The route usually starts from Mission Plaza around downtown and to the Bank of America parking lot, where everyone rides in circles, pops wheelies or just waits around for those unlucky enough to be caught behind a red light to catch up.
4. The Ride
During the actual ride, the tunnel of riders can tend to take over the road. “Watch out for the people in cars who aren’t fans [of bike night],” warms Zach Antoyan “‘Cause they’ll take you out. I got yelled at earlier tonight.”
While this may seem intimidating, it is not. I would recommend either just riding with the large group of bikers, or if you get separated simply stay in the bike lane (which is not usually necessary when the big group gets going.

Bike Night usually lasts from about 9:00 to 10:30 pm or so, and during this time lots of yelling, screaming and whooping occurs. I would highly recommend grabbing a group of friends and heading down to participate–you will not regret it.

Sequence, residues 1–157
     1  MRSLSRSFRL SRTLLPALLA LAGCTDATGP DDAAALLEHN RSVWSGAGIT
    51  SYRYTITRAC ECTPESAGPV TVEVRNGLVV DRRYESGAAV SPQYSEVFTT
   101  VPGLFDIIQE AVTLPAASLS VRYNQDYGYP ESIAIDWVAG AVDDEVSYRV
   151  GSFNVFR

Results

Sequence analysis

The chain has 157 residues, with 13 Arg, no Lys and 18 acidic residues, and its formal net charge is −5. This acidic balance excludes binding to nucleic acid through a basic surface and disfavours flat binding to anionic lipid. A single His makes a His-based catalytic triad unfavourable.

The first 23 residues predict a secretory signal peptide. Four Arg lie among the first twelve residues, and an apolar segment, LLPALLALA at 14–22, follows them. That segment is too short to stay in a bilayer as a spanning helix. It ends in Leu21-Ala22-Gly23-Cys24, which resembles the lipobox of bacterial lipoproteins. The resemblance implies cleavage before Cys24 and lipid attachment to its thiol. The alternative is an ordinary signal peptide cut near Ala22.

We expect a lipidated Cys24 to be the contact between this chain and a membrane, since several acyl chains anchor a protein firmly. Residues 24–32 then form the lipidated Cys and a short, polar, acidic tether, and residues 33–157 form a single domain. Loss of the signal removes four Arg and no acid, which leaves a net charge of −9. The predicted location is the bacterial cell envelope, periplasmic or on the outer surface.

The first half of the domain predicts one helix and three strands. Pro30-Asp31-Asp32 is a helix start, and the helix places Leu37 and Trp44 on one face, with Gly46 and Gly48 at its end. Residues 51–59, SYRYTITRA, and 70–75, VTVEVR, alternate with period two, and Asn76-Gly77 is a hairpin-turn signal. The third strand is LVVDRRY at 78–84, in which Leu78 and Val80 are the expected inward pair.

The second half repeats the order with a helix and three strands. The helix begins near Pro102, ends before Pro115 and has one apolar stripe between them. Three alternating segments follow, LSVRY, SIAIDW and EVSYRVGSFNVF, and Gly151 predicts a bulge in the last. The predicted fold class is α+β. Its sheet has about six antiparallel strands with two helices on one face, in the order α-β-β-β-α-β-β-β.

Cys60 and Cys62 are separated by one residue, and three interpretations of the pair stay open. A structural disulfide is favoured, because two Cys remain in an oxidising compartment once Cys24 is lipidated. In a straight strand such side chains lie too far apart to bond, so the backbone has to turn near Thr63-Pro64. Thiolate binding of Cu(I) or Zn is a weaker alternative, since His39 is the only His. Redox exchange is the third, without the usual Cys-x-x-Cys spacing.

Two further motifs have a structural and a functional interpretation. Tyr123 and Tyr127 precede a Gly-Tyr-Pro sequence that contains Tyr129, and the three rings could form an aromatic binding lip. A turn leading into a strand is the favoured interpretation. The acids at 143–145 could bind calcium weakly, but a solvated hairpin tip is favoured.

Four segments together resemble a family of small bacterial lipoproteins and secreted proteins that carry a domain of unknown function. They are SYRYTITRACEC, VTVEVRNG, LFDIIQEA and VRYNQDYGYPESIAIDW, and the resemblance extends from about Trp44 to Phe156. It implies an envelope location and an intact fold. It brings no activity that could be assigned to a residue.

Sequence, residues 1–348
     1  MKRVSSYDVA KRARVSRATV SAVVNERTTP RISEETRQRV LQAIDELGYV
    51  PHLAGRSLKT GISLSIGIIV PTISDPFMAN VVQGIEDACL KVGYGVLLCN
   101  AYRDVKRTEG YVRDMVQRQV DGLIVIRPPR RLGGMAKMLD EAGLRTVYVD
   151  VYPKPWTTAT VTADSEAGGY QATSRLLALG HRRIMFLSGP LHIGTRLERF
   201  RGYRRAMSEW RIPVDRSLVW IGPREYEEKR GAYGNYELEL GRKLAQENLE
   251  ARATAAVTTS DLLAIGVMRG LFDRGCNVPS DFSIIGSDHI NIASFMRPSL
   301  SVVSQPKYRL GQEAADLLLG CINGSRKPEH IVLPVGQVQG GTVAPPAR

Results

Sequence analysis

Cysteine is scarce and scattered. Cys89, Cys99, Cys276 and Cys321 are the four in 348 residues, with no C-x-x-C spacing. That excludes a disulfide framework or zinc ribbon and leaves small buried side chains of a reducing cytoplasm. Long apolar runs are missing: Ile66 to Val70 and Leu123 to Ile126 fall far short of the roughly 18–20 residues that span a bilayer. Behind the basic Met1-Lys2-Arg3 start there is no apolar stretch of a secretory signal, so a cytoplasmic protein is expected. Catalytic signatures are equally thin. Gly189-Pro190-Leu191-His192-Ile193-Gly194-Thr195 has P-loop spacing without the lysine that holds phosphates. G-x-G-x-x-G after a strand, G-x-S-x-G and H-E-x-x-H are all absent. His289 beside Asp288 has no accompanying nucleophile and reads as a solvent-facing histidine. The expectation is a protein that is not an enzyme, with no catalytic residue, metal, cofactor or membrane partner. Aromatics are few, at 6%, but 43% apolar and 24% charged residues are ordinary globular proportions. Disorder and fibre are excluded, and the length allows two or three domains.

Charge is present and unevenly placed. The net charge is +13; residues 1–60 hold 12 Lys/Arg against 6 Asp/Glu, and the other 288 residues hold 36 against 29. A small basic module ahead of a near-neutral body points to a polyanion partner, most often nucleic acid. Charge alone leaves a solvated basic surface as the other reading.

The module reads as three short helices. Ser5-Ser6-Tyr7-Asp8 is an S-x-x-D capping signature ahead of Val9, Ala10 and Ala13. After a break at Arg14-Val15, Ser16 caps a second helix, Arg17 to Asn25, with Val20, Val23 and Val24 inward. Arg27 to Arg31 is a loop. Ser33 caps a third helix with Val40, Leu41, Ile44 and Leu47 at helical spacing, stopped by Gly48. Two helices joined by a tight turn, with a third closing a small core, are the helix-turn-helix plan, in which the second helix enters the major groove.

BONUS: A little known fact about bike night? Afterwards, people gather at a secret and then the crowd begins to dissipate. Check out this link to see what happens after the cars take over the road once again.

 

$20 and Hungry Friends: How to Navigate Farmer’s Market November 16, 2010

Last Thursday, I ventured to the downtown San Luis Obispo’s Farmer’s Market with $20 in my pocket. My mission? To buy local ingredients to feature in dinner for some friends. Not only was the food a hit–I had enough to make some decadent dessert too.

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Bucket List for SLO Market November 9, 2010

The farmer’s market held in downtown SLO every Thursday night is the most popular market in the county, and there are tons of different booths and characters wandering around. But there are some things that go slightly less noticed–and things that every person should do to have a different type of fun. Check out the Top 5 list below that I have created of things that every person ought to do one Thursday Night.